[2]
Mobile phoneshave gained increased importance in the sector of Information and communicationtechnologies for development in the 2000s and have effectively started to reach thebottom of the economic pyramid
6
History of mobile phones
In Europe, radio telephony was first used on the first-class passenger trains betweenBerlin and Hamburg in 1926. At the same time, radio telephony was introduced onpassenger airplanes for air traffic security. Later radio telephony was introduced on alarge scale in German tanks during the Second World War.
First generation
On April 3, 1973, Motorola employee Dr. Martin Cooper placed a call to Dr. Joel S.Engel, head of research at AT&T's Bell Labs, while walking the streets of New York Citytalking on the first Motorola DynaTAC prototype in front of reporters. Motorola has along history of making automotive radios, especially two-way radios for taxicabs andpolice cruisers.
Second generation
In the 1990s, 'second generation' (2G) mobile phone systems such as GSM, IS-136
 
("TDMA"), iDEN and IS-9
5
("CDMA") began to be introduced. In 1991 the first GSMnetwork (Radiolinja) opened in Finland. 2G phone systems were characterized by digitalcircuit switched transmission and the introduction of advanced and fast phone-tonetworksignaling.
Third generation
The first pre-commercial trial network with 3G was launched by NTT DoCoMo in Japanin the Tokyo region in May 2001. NTT DoCoMo launched the first commercial 3Gnetwork on October 1, 2001, using the WCDMA technology By the end of 2007 therewere 29
5
Million subscribers on 3G networks worldwide, which reflected 9% of the totalworldwide subscriber base.
7
Seven elements of service marketing mix
These seven elements are often referred to as the marketing mix, which a marketer canuse to craft a marketing plan. The seven P¶s model is most useful when marketing lowvalue consumer products. Industrial products, services, high value consumer productsrequire adjustments to this model. Services marketing must account for the uniquenature of services. Industrial or B2B marketing must account for the long termcontractual agreements that are typical in supply chain transactionsThe service marketing mix comprises off the 7¶p¶s. These include:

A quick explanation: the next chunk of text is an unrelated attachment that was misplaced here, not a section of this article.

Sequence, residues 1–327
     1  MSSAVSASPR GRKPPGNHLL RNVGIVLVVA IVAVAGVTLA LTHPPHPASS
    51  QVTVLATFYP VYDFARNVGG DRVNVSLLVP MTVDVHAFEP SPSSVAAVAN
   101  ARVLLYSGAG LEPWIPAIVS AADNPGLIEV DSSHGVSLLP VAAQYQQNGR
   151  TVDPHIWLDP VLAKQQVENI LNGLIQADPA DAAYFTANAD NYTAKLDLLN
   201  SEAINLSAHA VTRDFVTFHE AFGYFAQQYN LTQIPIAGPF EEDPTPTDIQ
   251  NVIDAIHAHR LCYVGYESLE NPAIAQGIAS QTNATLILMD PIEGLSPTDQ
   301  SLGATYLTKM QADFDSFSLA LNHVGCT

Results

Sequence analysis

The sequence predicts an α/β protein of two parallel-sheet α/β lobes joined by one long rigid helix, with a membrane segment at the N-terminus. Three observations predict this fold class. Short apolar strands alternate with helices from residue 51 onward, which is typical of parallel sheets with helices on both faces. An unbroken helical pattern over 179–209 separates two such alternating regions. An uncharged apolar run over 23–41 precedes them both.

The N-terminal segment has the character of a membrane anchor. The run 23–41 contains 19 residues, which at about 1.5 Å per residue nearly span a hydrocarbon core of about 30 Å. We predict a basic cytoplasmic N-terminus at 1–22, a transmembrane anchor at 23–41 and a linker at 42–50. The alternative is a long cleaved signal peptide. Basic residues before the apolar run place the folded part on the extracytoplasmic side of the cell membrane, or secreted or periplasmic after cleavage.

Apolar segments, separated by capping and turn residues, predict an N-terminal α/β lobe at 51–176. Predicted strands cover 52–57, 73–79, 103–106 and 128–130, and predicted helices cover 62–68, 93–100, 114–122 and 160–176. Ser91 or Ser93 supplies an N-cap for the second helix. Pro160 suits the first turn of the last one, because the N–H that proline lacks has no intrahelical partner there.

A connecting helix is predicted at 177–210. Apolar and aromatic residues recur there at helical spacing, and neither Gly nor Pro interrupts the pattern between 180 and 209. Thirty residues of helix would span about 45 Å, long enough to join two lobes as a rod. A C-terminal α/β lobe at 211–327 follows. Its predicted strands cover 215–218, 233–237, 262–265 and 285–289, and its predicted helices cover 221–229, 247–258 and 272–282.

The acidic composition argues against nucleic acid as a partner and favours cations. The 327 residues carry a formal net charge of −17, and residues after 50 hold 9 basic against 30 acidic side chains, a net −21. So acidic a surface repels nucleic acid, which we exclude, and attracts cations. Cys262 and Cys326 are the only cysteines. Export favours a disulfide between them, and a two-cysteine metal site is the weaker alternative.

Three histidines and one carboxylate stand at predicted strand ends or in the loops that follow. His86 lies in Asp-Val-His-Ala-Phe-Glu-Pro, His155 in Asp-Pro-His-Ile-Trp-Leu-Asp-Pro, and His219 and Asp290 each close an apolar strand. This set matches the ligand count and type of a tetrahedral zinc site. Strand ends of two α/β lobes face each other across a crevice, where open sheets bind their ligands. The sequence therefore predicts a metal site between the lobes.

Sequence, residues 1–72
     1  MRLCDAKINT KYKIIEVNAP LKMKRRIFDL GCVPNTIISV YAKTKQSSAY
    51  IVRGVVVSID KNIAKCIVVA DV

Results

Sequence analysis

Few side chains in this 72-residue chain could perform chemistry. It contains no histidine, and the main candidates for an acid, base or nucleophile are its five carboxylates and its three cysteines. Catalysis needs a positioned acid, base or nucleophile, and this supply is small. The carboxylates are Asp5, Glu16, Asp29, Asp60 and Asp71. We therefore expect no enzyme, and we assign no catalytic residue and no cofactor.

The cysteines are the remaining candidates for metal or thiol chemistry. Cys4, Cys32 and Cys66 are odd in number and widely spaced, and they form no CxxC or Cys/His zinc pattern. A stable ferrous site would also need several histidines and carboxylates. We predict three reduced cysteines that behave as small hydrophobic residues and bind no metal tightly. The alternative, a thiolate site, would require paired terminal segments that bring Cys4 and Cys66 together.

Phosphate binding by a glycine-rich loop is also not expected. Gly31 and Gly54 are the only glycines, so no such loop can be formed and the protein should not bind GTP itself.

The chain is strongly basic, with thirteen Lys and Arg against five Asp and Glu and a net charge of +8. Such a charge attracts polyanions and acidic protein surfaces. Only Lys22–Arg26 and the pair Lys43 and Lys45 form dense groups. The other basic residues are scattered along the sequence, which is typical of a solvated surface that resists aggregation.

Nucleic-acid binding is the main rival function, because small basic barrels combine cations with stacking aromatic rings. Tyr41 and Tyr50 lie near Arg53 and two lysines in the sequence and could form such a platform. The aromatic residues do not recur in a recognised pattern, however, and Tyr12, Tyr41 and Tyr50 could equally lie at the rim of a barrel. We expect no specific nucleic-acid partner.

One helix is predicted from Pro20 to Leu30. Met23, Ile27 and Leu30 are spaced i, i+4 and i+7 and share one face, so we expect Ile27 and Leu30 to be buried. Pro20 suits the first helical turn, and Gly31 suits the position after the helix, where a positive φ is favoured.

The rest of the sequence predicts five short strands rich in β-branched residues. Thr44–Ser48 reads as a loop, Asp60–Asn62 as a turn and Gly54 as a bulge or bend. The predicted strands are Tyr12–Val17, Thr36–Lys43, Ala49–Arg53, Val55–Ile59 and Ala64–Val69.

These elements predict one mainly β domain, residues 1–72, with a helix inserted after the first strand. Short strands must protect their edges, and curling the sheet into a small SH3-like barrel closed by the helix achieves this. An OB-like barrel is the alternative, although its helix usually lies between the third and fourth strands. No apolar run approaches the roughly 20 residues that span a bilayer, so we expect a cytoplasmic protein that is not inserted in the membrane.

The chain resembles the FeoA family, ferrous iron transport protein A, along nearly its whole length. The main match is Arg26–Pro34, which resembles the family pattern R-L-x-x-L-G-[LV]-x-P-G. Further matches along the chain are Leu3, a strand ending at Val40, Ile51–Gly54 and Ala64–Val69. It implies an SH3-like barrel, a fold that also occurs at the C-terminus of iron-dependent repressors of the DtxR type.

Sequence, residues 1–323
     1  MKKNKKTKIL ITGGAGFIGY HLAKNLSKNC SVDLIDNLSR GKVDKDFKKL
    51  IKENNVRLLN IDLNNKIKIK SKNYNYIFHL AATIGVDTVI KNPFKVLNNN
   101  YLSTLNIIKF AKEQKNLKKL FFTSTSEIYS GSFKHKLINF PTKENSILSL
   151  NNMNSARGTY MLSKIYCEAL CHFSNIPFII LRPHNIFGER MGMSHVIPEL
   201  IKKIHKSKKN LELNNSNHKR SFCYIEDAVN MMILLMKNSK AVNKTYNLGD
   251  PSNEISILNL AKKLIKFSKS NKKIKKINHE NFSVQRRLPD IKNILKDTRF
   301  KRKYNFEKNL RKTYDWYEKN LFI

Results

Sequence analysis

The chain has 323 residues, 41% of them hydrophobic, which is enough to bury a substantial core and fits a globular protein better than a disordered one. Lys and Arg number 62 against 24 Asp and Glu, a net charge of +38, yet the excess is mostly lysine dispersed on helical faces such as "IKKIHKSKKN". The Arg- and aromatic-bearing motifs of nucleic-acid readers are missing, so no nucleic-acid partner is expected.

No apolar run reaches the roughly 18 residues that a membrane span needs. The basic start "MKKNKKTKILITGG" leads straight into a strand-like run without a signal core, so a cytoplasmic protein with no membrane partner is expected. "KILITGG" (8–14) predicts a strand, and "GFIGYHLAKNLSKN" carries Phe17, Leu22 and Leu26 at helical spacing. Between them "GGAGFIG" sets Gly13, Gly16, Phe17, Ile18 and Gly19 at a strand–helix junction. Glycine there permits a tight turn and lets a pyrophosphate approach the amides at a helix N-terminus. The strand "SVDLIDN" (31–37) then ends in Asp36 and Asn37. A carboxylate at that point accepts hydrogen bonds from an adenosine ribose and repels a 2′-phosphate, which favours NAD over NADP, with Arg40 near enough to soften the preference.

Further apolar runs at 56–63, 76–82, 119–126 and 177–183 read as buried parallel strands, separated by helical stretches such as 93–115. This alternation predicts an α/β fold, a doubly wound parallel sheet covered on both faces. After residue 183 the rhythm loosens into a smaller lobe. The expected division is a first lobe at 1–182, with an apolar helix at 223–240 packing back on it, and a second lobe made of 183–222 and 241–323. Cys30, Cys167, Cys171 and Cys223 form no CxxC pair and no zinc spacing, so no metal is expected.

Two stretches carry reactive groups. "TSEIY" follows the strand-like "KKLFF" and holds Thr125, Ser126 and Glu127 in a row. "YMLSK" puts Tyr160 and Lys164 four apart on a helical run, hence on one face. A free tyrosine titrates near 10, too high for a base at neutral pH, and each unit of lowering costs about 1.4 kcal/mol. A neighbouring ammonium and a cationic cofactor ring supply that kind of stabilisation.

ProductPricePlacePromotionPeopleProcessPhysical evidence.
Product:
The product aspects of marketing deal with the specifications of the actual goods or services, and how it relates to the end-user's needs and wants. The scope of a productgenerally includes supporting elements such as warranties, guarantees, and support.
Pricing:
This refers to the process of setting a price for a product, including discounts. The priceneed not be monetary - it can simply be what is exchanged for the product or services,e.g. time, energy, psychology or attention.
Promotion:
This includes advertising, sales promotion, publicity, and personal selling, branding andrefers to the various methods of promoting the product, brand, or company.
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Place
Refers to how the product gets to the customer; for example, point of sale placement or retailing. This fourth P has also sometimes been called
Place
, referring to the channelby which a product or services is sold (e.g. online vs. retail), which geographic region or industry, to which segment (young adults, families, business people), etc.
People
 An essential ingredient to any service provision is the use of appropriate staff and